Homebrewing Myths

1.  Don’t use aluminum brewing pots. This myth just costs you money.  Aluminum brew kettles work just fine — despite what you may read on message boards.  They also tend to be cheaper than stainless steel brew kettles, saving you money.
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2.  Homebrewing will save you money. If you brew, you know this isn’t true.  Like all hobbies, brewing is going to cost you money.

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3.  Don’t squeeze your grain bag. This myth comes because people think squeezing will release the tannins in the grain.  But tannins are only released by chemical reaction, not the pressure of your hand.  Feel free to squeeze your grain bag to get as much wort out of it as you can — it will increase your OG and won’t add any additional tannins.

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4.  Plastic fermenters let too much oxygen in.   Unless you’re fermenting beer for a very long time (three or more months, at least), a plastic bucket isn’t going to let in enough oxygen to impact your beer.

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5. Liquid yeast is better than dry yeast.  According to Wyeast and White Labs, when a single 11g packet of dry yeast is rehydrated it will yield approximately 200 billion cells. A single Qyeast pack contains about 100 billion cells. A single White Labs vial contains 70-140 billion cells. Also a pack of dry yeast is between $1-$2 while liquid yeast is about $7. So technically dry yeast will cost you less while offering a higher pitching rate.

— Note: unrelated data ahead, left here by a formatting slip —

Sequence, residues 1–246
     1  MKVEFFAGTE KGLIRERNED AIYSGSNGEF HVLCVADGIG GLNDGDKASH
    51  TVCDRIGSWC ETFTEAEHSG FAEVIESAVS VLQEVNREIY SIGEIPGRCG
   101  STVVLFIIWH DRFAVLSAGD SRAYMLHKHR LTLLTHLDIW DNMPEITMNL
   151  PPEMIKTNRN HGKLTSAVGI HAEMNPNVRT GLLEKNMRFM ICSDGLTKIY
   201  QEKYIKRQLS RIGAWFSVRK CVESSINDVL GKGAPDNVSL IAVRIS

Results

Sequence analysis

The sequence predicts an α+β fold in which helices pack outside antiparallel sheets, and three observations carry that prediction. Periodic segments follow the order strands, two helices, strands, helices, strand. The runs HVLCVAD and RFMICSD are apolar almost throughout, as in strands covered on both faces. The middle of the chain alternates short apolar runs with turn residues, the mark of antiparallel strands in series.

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6. You get better results using green bottles.  Brown bottles are the best to use because they keep out the most light.
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7. You have to refrigerate your bottles with homebrewed beer. As long as the bottle hasn’t been opened you can leave your bottles in room temperature (just try to keep it out of the sunlight). Just refrigerate your beer prior to serving.
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8. Homebrewed beer isn’t sanitary compared to beers you buy at stores or restaurants.  FALSE! There are no known pathogens that  can survive in the high alcohol environment in beer, mead, wine, or cider. Mistakes made during brewing will result in off-flavors but the beer will still be safe to drink.

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References:
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